Tip the dough out onto a lightly floured surface. Without knocking it back so as not to deflate it, shape the dough into an a ball or oval by gently folding it inwards and place on a lightly oiled baking pan which is between 24cm and 28cm in diameter. Cover with a tea towel and leave to prove for another 1.5 to 2 hours.

Meanwhile, heat the oven to 220 C.

When the dough has proven, dust lightly with flour. Then make 3 cuts across the top on the diagonal, using a serrated knife or a sharp blade, and sprinkle with a little water.

Bake for about 60-75 minutes or until it is golden in colour and sounds hollow when tapped on the base. Cool on a wire rack.

Note: As this bread was made at a high altitude, some adjustment to the amount of yeast and water required would be necessary. 

Tuesday, 23 September 2014

Laura Esquivel | Caramelised Onion, Red Pepper and Goat's Cheese Tart



There is a unique relationship between literature and film, a tentative symbiosis between the written word and the cinematic image that allows the latter to adapt, appropriate or negotiate the former. Many films are based on novels, short stories and plays but what determines the dynamic of this relationship is a different matter. Sometimes the film rises to the challenge of the book: Coppola's Apocalypse Now is as brilliant as Joseph Conrad's Heart of Darkness. Sometimes, it's a disastrous affair: think of the adaptation of The Scarlet Letter or of Vanity Fair. And then there are times when the film surpasses its literary origin, so much so that we have no idea it's even based on a book, as with J. Lee Thompson's Cape Fear or Hitchcock's Psycho.

Sunday, 11 May 2014

The Queen of Hearts | Strawberry Tart



What I like about nursery rhymes, and this goes for folk tales as well, is their outwardly innocent simplicity and their unassuming tone. I also like them for their palpably raw sense of reality, often shocking and taking unexpected turns. Many nursery rhymes used to parody the politics and leaders of the time or spread scandalous or rebellious messages. I find it ironic that what was once an instrument of communication of dissenting opinion about current events has now become an unsuspecting source of delight for children. I remember fondly those silent nights when my father would read to me little rhymes from my Mother Goose book and the characters and stories would leap out of the pages -  tumbling down hills, falling off walls, jumping over the moon. 'The Queen of Hearts' was one of my favourites, perhaps because of its promise for a tart, perhaps because of its evocation of a summer's day.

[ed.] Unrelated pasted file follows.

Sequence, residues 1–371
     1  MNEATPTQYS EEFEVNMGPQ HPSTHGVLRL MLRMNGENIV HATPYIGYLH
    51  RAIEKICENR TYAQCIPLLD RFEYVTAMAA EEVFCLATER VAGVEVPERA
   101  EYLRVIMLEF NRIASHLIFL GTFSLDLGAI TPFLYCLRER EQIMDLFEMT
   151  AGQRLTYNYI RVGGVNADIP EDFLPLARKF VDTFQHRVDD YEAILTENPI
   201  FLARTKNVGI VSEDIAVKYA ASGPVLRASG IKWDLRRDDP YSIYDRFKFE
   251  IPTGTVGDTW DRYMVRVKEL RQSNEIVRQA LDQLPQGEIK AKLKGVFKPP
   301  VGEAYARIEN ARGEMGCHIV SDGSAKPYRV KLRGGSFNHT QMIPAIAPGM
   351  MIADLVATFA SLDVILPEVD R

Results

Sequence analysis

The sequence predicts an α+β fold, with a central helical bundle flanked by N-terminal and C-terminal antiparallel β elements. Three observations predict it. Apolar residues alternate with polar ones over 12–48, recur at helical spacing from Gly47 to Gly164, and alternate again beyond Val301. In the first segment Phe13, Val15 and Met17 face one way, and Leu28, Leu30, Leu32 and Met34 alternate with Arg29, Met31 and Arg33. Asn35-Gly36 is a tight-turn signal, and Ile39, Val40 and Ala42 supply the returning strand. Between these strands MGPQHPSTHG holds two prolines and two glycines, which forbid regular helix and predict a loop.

Sunday, 4 May 2014

Eugenio Montale | Lemon Bundt Cake with Lemon Curd



My search for a lemon poem took me, via the as yet unexplored Land Where Lemons Grow by Helena Attlee, an evidently captivating travelogue through the citrus groves of Italy, to twentieth century Italian poet  Eugenio Montale. Any writer who proclaims to have 'wanted to wring the neck of the eloquence of our old aulic language, even at the risk of a counter-eloquence,' is bound to attract my attention. In his poem 'The Lemon Trees', written in 1925, Montale offers a less than sensual poeticized image of lemon gardens.

Sunday, 6 April 2014

Andy Warhol | Roasted Tomato and Pepper Soup



As the story goes, it was American art expert, gallery owner and erotic author Muriel Latow who gave Andy Warhol the original idea to paint Campbell's Soup Cans by suggesting 'something you see everyday and something that everybody would recognize. Something like a can of Campbell's Soup.'

Warhol's artwork, consisting of thirty-two canvas paintings each depicting a particular tinned soup variety offered by the company at the time, was shown for the first time in July 1962 in Los Angeles, California. The exhibition marked the debut of pop art as a significant art movement. The semi-mechanised process of production, the non-painterly style and the commercial subject were in contrast to the fine art values but also the mystical idealism towards which abstract expressionism was veering.

Friday, 7 March 2014

Basic Recipe | Shortcrust pastry




This is a flaky kind of pastry for savoury tarts, very much like pâte brisée, and was the result of considerable experimentation. I had long been dissatisfied with pastry that had a ratio of half butter to flour as I found it hard to roll and not very tender, so I have slightly increased the amount of butter. The pastry is not particularly rich as I find that this enhances the taste of the filling. I also use the fraiser technique for blending the dough without overworking it.


110 g unsalted butter, very cold and diced
200 g plain flour
pinch of salt
3-4 tbsp icy cold water
1 small egg yolk, for the glaze

This makes enough pastry for a 23cm tart tin or a 36cm x 12cm rectangular flan tin.

Dice the butter and put it in the fridge, together with the flour, for 30 minutes prior to making the pastry. I don't normally put it in the freezer as it hardens the butter considerably and makes it difficult to handle.